Tuesday, March 30, 2021

IT'S ALL ABOUT THOSE HYPHENS!

 by Jodie Renner, editorauthor

Is it knockout or knock-out or knock outlockdown or lock-down or lock down?

makeup, make up, or make-up? lineup or line-up or line up? workout or work out or work-out? set up or set-up or setup?

(Hint: Most of the above can be correct, depending on whether it's used as a noun, adjective, or verb. And yes, there is a pattern.)

Is it an off duty officer or an off-duty officer? well laid plans or well-laid plans?

over-compensate or overcompensate? under-staffed or understaffed? semi-circle or semicircle? para-legal or paralegal?

As a fiction editor, I advise on everything from plot, characterization, viewpoint, dialogue, voice, style, pacing, flow, and more, down to final proofreading for spelling, punctuation, and grammar. Today I’m wearing my “Grammar Geek” hat to talk about how to use hyphens correctly in various situations, to make your intention and meaning clear

No matter what kind of writing you're doing, you don't want your readers to stop and wonder what you meant, exactly. That can cause confusion and subliminal (or not so subliminal) irritation and could lose you respect as a writer. 

*Note that these are North American norms – British guidelines can vary.

~ Is it one word, two words, or hyphenated? 

Even very good spellers often forget whether a term is one word, two words, or hyphenated, so here are a few handy guidelines. 

According to the Chicago Manual of Style (that and Merriam-Webster’s Collegiate Dictionary are considered the go-to resources for North American copyeditors and proofreaders), 

“Far and away the most common spelling questions for writers and editors concern compound terms—whether to spell as two words, hyphenate, or close up as a single word.”

When we’re busy writing, it’s easy to forget, for even the easiest words, whether it’s one word, two words, or hyphenated. Often, each of those forms can be correct, depending on the part of speech and intent.

For example, you back up your files or back up to avoid walking into someone (an action, so verb). But it’s a back-up plan (adjective) and “My partner provided me with backup.” (noun)

Similarly, castoff(one word) is a noun – “That shirt is a castoff from my brother.”; cast-off” is an adjective – “She wore cast-off clothes.”; and cast off” is a verb – “He cast off the boat and we headed downriver.”

Many others follow the same pattern: cooldown (noun) – “We did a 10-minute cooldown,” cool-down (adj) – “Here are some cool-down exercises,” and cool down (verb) – “Time to cool down.”

And it’s “lookout” (one word) for the noun (thing) –“Let’s head to the lookout,” and the adjective – a lookout tower, but “look out” (two words) for the verb (action) – “Look out for snakes.”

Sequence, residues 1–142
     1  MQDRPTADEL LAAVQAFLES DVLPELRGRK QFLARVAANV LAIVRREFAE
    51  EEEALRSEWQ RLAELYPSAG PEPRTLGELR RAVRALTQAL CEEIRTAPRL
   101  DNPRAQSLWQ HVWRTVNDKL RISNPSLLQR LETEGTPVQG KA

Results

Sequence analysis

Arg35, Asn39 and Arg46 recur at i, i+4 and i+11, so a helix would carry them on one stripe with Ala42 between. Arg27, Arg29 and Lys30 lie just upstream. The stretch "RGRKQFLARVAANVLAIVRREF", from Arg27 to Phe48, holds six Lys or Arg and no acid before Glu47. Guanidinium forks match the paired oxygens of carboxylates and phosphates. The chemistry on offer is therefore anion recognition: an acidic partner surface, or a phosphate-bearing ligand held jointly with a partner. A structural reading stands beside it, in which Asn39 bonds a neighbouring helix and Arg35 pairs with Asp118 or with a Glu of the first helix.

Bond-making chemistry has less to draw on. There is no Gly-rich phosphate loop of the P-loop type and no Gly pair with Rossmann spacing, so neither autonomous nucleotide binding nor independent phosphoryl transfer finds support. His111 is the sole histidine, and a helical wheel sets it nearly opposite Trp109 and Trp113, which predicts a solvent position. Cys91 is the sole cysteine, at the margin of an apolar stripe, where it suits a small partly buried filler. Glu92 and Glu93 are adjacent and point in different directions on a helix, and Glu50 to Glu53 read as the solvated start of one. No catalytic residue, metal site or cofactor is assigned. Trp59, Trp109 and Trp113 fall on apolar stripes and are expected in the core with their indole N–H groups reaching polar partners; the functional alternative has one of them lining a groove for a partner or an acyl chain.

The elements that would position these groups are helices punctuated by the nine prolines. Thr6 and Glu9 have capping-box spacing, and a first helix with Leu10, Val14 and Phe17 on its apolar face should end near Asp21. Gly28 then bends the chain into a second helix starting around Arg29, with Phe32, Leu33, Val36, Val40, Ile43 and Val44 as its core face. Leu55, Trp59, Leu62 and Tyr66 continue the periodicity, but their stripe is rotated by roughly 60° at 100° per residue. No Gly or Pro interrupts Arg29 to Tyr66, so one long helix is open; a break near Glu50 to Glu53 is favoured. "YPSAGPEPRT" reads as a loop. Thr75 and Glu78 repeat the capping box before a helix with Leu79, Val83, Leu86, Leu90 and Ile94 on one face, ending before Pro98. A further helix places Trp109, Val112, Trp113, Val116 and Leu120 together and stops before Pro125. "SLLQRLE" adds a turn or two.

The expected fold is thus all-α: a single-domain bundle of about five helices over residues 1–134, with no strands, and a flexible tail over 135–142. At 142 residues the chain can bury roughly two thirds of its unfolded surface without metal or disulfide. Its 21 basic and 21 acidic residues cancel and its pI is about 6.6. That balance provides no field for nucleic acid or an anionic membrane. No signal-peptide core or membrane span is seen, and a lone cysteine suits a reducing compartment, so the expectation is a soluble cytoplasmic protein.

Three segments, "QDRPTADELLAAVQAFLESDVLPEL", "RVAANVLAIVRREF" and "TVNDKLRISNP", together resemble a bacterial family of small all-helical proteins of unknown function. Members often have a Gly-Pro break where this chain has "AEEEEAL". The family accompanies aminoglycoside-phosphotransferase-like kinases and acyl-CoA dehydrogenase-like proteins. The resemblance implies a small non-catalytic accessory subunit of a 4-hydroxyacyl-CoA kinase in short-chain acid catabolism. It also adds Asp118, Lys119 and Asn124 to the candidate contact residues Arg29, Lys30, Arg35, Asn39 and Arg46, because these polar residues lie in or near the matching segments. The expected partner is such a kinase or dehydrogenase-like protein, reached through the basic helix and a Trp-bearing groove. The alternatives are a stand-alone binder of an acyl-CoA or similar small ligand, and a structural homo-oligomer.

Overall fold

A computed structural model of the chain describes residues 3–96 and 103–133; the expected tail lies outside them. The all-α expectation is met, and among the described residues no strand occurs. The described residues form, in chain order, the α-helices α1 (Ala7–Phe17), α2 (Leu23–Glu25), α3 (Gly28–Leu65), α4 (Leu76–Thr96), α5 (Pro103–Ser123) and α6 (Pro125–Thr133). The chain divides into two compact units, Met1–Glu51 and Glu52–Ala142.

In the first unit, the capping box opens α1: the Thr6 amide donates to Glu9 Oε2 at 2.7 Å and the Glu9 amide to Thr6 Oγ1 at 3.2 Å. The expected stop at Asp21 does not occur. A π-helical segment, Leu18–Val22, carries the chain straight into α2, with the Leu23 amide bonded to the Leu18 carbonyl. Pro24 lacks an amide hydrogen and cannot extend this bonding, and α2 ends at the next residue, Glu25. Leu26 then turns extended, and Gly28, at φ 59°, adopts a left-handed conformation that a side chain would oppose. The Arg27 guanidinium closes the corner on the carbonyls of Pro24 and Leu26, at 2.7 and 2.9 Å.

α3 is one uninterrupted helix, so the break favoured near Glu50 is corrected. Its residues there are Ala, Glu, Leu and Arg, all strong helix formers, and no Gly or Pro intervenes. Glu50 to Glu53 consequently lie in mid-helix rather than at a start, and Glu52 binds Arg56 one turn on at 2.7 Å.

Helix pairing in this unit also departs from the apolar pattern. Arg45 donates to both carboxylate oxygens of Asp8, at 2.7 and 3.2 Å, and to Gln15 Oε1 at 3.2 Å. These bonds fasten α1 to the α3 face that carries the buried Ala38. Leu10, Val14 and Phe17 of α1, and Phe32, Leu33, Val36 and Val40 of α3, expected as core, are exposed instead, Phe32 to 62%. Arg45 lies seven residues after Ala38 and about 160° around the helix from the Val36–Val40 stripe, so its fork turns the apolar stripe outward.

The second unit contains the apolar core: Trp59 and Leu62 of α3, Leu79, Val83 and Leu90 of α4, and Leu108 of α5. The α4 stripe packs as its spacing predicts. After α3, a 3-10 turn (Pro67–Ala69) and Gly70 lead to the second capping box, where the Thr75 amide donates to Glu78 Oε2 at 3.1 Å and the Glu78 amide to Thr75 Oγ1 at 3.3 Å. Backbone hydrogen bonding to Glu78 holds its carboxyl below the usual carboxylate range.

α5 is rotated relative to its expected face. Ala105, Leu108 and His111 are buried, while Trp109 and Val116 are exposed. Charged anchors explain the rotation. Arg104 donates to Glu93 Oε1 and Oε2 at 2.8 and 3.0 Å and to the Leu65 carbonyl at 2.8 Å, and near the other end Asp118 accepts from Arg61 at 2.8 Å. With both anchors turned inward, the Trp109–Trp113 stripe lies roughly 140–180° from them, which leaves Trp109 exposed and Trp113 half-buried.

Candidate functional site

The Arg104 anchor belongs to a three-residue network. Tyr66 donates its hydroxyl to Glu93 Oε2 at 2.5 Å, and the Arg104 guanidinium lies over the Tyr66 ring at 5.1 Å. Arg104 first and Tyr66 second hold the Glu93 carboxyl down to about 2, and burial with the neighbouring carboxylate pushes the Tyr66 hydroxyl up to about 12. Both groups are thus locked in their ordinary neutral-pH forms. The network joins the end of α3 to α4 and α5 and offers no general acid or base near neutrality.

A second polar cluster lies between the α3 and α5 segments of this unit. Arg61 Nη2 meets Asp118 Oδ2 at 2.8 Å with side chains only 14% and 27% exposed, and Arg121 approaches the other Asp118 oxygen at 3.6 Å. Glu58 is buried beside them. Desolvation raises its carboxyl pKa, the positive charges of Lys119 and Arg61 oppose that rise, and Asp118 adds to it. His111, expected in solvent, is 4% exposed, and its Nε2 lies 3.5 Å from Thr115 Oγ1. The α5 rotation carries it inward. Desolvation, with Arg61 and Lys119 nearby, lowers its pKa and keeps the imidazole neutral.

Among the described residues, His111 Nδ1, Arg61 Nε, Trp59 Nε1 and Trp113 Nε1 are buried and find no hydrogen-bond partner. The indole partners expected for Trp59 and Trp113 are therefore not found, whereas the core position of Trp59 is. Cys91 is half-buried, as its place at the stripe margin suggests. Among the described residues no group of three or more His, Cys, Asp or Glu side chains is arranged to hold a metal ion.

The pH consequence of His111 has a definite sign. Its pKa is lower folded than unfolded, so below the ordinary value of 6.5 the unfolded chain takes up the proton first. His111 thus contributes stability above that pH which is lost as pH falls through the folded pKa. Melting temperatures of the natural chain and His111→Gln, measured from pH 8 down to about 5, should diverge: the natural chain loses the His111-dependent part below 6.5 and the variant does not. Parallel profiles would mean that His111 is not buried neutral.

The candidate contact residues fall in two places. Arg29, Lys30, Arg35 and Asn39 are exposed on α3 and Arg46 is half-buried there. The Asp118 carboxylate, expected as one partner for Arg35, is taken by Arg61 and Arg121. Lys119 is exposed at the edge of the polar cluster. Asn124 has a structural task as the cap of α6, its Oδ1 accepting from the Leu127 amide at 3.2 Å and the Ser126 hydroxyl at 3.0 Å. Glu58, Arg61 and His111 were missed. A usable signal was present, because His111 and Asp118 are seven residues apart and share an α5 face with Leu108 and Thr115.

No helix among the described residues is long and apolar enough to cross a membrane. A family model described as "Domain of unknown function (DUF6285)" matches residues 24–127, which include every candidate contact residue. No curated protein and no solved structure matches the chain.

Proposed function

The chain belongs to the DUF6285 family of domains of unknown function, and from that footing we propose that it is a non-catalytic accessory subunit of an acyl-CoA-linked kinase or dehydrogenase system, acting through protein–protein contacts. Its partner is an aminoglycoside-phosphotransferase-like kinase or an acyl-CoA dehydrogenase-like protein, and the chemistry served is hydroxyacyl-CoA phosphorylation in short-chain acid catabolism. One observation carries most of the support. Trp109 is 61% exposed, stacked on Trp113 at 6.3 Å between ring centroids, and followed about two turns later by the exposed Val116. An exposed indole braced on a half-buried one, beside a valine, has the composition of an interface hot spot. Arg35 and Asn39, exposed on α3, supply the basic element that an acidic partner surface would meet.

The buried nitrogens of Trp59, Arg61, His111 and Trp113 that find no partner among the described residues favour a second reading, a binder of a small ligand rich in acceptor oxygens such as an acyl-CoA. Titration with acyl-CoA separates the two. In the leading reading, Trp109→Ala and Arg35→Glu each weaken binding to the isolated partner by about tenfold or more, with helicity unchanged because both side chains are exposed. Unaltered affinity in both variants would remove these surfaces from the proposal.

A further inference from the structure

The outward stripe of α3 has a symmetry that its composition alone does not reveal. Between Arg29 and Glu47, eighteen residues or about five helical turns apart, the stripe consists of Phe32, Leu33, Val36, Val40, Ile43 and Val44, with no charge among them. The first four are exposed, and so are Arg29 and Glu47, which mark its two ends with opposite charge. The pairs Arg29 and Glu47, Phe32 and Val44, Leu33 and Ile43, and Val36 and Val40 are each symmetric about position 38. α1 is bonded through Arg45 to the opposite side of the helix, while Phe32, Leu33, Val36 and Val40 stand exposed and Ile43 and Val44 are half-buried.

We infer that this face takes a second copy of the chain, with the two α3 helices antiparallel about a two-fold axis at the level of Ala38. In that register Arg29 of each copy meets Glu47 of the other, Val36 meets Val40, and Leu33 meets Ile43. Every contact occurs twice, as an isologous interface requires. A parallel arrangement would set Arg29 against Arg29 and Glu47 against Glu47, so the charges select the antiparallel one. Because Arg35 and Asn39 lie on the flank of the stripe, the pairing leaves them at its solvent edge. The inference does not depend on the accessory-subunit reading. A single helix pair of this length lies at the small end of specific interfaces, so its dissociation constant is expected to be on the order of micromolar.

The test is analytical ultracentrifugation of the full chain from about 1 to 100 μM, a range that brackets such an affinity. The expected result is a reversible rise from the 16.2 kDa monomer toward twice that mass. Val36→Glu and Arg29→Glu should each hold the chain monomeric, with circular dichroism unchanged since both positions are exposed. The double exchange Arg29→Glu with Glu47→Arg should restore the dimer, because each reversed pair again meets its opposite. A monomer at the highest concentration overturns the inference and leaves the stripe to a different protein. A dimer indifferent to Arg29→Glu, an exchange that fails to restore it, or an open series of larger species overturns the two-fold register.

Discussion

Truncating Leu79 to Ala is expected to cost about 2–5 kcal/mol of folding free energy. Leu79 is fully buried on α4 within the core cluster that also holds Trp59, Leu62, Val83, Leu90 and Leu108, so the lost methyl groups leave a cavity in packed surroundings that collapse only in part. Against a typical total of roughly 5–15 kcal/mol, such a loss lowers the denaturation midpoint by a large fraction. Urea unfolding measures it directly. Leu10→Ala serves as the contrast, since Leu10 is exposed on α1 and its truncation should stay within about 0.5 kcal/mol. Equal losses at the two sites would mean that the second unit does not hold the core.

And two slightly silly but correct examples:

The guy who cut off the other car at the cutoff was wearing cut-off shorts.

And finally, takeout (noun), take-out (adj.), and take out (v). “Let’s go to the corner takeout and take out some take-out food.”

So one word for the noun (person, place, or thing); two words for the verb (action): 

a workout (noun or adjective), to work out (verb) 

a setup (noun), to set up (verb) 

a hangout (noun or adjective), to hang out (verb) 

a lockdown (noun) to lock down (verb)

See a pattern here? Very often, 

- the noun form is one word, no hyphen: setup, login, makeup, hangout, workout, backup. Let's go to the usual hangout. I had a good workout. His partner provided backup.

 - the verb form is two words: set up, log in, make up, hang out, work out, back up. Want to hang out after class? Let’s work out this problem. I need to back up my files.

- and the adjective form is often hyphenated: hard-core poverty, a hands-off policy (see compound modifiers below).

 or can be one word, like the noun: backup plans, workout clothes.

(Although English being English, of course there are always exceptions, like break-in for the noun; but still break in for the verb.)

So these are all no-nos (incorrect): 

X "I need to logon, then logoff." Should be "log on" and "log off," as they're actions.

X "Let's setup the chairs." Should be "set up." 

X "Please makeup the bed." Should be "make up."

All are actions (verbs), so need to be two words. Just remember to separate off the up, down, out, on, etc. as its own word when it's an action.



OTHER HYPHEN CONUNDRUMS: 

(To avoid being overwhelmed by various examples of correct use of hyphens, maybe save the following ones for a later read. In fact, I recommend bookmarking this post for future reference.) 

~ Hyphenate compound modifiers before a noun. 

A general guideline is to hyphenate two or more modifiers before a noun (so an adjectival phrase), especially if to leave as two words could cause confusion; but to leave as two separate words when they come after the noun or verb (often functioning as an adverb). 

For example, “He’s a high-profile actor” but “He maintains a high profile.”

“It’s a middle-class neighborhood,” but “The neighborhood is middle class.”

“He asked an open-ended question,” but “The question was open ended.”

“It was a hands-down win,” but “They won hands down.”

“It was a computer-literate group,” but “The group was computer literate.”

“The school has a hands-off policy,” but “Keep your hands off.”

“They had a hand-to-mouth existence,” but “They lived hand to mouth.”

“The witness was an off-duty police officer,” but “He was off duty at the time.”

“I bought a flat-screen TV,” but “The TV has a flat screen.”